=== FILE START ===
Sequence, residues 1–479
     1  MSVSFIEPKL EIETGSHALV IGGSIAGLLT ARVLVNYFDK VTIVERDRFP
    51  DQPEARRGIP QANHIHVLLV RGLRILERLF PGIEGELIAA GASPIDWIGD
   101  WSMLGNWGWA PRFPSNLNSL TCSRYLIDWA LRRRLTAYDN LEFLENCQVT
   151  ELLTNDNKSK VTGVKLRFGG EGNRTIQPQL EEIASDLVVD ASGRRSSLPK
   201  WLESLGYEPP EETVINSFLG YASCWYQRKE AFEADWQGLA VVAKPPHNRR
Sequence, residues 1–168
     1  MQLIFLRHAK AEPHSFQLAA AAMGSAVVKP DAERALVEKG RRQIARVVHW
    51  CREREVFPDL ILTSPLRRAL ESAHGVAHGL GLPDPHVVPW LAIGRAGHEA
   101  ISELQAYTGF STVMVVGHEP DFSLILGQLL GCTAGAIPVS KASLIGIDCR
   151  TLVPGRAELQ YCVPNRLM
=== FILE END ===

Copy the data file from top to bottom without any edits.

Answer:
Sequence, residues 1–479
     1  MSVSFIEPKL EIETGSHALV IGGSIAGLLT ARVLVNYFDK VTIVERDRFP
    51  DQPEARRGIP QANHIHVLLV RGLRILERLF PGIEGELIAA GASPIDWIGD
   101  WSMLGNWGWA PRFPSNLNSL TCSRYLIDWA LRRRLTAYDN LEFLENCQVT
   151  ELLTNDNKSK VTGVKLRFGG EGNRTIQPQL EEIASDLVVD ASGRRSSLPK
   201  WLESLGYEPP EETVINSFLG YASCWYQRKE AFEADWQGLA VVAKPPHNRR
Sequence, residues 1–168
     1  MQLIFLRHAK AEPHSFQLAA AAMGSAVVKP DAERALVEKG RRQIARVVHW
    51  CREREVFPDL ILTSPLRRAL ESAHGVAHGL GLPDPHVVPW LAIGRAGHEA
   101  ISELQAYTGF STVMVVGHEP DFSLILGQLL GCTAGAIPVS KASLIGIDCR
   151  TLVPGRAELQ YCVPNRLM